Question. What are the advantages of sexual reproduction over asexual reproduction?
Answer: There are a number of advantages of sexual reproduction over asexual one. These include
(i) Sexual reproduction created variations which are useful for ensuring survival of species and species formation.
(ii) Two different individuals in a population would have quite different patterns of accumulated variations.
(iii) The desired phenotype can be promoted by sexual reproduction.
These advantages are not available with asexual reproduction.
Question. What are the functions performed by the testis in human beings?
Answer: Functions of testes
(i) Produce male sex cells-sperms.
(ii) Produce male sex hormone testosterone.
Question. Why does menstruation occur?
Answer: Menstruation occurs when the egg is not fertilised. Every month uterus prepares itself to receive a fertilised egg, to nourish the embryo its lining becomes thick and spongy. In case egg is not fertilised this lining breaks and discharged out of the body through the vagina in the form of blood.
Question. Draw a labelled diagram of the longitudinal section of a flower.
1. Petals (corolla)
- Brightly coloured.
- Attracts insects for pollination.
- Base contains nectary which produces nectar.
2. Sepals (calyx)
- Protect the flower while in bud.
- Generally green and serves to photosynthesize food.
3. Receptacle (thalamus)
- Base of the flower to which all parts are attached.
- In some cases, after fertilization become fleshy (apple).
- Female reproductive part of the flower, known as gynoecium.
- Comprises of stigma, style and ovary.
- Stigma is sticky and receives pollen during pollination.
- Style links stigma to the ovary. It is a elongated tube through which pollen tubes grow.
- Ovary contains ovules (female gametes), which develop into seeds.
- Male reproductive part of the flower, known as androecium.
- Comprises of anther and filament.
- Anther is bilobed. Each lobe contains two pollen sacs which produce pollen grains.
- Filament is the stalk of the stamen that supports anther
Question. What are the different methods of contraception?
Answer: The different methods of contraception are:
(i) Barrier Methods In barrier methods, the physical devices such as condoms and diaphragm are used. Condoms are used by male by putting rubber convering on the penis. They prevent sperms from meeting the egg.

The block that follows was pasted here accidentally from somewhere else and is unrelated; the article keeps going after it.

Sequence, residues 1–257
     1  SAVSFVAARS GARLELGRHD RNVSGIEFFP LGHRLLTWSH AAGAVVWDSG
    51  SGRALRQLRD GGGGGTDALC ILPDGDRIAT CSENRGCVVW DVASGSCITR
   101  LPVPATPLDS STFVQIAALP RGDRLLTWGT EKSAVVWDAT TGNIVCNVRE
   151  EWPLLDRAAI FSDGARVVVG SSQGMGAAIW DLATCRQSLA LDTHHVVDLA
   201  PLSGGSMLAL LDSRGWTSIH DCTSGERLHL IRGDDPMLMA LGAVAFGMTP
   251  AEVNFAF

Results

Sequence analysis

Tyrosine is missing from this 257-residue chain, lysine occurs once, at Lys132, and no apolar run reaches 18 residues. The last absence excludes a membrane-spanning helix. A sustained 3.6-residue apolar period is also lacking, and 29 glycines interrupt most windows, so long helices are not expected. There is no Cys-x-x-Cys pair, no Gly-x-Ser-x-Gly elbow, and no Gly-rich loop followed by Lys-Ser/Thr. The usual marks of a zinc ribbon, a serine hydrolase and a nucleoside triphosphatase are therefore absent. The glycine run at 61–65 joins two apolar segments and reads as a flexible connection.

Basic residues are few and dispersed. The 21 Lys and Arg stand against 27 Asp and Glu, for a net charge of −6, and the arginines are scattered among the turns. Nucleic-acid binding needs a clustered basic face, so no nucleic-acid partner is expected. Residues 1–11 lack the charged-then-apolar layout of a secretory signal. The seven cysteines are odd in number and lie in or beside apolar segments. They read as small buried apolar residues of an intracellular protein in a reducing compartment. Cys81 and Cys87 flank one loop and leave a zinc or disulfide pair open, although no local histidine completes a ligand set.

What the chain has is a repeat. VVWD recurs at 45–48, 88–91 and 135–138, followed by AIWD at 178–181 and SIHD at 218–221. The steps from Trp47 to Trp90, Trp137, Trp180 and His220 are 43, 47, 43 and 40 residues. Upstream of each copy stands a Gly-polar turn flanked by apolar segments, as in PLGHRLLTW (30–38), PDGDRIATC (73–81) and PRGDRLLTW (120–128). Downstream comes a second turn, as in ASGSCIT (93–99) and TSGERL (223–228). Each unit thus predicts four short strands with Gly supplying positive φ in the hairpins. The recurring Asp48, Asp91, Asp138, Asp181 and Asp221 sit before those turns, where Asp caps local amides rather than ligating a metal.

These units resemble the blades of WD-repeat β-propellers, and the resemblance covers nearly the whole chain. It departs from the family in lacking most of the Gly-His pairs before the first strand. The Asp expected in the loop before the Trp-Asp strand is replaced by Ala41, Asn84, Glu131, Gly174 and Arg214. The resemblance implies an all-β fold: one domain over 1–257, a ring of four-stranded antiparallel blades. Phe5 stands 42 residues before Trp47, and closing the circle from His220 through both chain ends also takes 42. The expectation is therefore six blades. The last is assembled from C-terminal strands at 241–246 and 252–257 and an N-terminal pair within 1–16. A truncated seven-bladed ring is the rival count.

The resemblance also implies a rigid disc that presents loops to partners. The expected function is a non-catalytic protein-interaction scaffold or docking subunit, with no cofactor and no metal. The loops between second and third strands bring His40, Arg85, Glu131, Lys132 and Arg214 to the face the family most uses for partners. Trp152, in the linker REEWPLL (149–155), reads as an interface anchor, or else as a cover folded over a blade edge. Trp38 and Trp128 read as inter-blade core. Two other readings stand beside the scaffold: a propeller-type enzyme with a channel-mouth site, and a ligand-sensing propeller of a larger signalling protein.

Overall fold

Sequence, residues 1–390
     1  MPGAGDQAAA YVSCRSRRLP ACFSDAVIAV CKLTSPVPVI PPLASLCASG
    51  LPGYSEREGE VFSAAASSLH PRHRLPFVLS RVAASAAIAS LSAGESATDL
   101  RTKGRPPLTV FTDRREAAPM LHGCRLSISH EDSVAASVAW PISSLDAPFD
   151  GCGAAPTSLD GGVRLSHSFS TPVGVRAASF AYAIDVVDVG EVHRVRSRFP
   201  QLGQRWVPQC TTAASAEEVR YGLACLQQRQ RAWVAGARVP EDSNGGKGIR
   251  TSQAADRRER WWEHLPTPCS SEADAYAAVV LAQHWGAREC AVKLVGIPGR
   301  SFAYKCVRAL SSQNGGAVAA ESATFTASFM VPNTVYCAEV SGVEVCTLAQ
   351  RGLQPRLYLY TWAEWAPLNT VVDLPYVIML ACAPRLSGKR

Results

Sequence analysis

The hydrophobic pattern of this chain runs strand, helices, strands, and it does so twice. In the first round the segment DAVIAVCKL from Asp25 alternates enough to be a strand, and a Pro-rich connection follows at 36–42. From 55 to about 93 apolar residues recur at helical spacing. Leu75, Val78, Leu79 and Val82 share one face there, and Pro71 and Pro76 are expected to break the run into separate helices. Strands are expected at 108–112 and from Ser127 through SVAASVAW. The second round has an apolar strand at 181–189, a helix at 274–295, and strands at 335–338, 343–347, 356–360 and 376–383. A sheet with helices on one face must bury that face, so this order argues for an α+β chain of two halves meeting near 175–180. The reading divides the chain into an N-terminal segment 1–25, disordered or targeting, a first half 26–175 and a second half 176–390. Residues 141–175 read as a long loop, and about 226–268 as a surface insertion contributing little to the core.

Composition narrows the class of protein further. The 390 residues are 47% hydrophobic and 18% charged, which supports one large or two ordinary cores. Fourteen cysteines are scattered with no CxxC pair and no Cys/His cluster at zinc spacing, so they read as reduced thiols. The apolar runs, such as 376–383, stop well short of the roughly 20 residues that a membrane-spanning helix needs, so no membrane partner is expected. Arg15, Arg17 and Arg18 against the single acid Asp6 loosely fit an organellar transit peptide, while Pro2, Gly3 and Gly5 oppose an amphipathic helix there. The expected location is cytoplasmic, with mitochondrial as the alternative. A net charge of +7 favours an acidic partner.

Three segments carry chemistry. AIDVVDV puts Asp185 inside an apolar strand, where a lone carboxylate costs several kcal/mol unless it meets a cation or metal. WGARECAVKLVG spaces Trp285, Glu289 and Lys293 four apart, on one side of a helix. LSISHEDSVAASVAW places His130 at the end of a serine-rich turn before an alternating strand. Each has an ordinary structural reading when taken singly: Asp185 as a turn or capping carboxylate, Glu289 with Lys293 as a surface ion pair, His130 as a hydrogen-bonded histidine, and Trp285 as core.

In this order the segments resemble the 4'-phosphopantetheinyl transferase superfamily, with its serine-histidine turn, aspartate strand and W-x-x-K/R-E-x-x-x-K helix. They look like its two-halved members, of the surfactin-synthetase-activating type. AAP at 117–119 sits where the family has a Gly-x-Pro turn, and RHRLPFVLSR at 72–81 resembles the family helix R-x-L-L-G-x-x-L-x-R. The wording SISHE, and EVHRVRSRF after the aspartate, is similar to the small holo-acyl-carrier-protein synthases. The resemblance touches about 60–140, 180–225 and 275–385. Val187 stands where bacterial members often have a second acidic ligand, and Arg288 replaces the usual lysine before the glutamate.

(ii) Chemical Methods In the chemical methods, the females use pills-oral pills and vaginal pills. The oral pills contain hormones which stop ovaries from releasing ovum. The vaginal pills contain the chemicals called spermicides which kill the sperms.
(iii) Surgical Methods In males, a small portion of sperm duct is cut by surgical methods and the cut end is tied properly (vasectomy). This prevents the sperms from coming out. In females, a small part of the oviduct is cut and tied (tubectomy). This prevents the egg from entering the oviduct.
Question. How are the modes for reproduction different in unicellular and multicellular organisms?
Answer: Unicellular organisms are made up of only single cell, in which all the functions are performed by the single cell. So, reproduction is done by simple, asexual methods but in multicellular organisms various cells perform different functions. So, production of all these specialised cells/tissues is required and simple methods for reproduction are insignificant.
Question. How does reproduction help in providing stability to populations of species?
Answer: Reproduction leads to certain variations in the characteristics of the offspring. This may allow organism to exist in diverse habitats and niches. Certain variations present in the individuals of certain population may enable the individuals to survive those unfavourable conditions. Organism with such favourable traits transmit the characters to their offsprings, thereby providing stability to the population of a species.
Question. What could be the reasons for adopting contraceptive methods?
Answer: The reasons for adopting contraceptive methods are:
(i) To avoid frequent pregnancies, which in turn helps in population control
(ii) To prevent the spread of sexually transmitted diseases.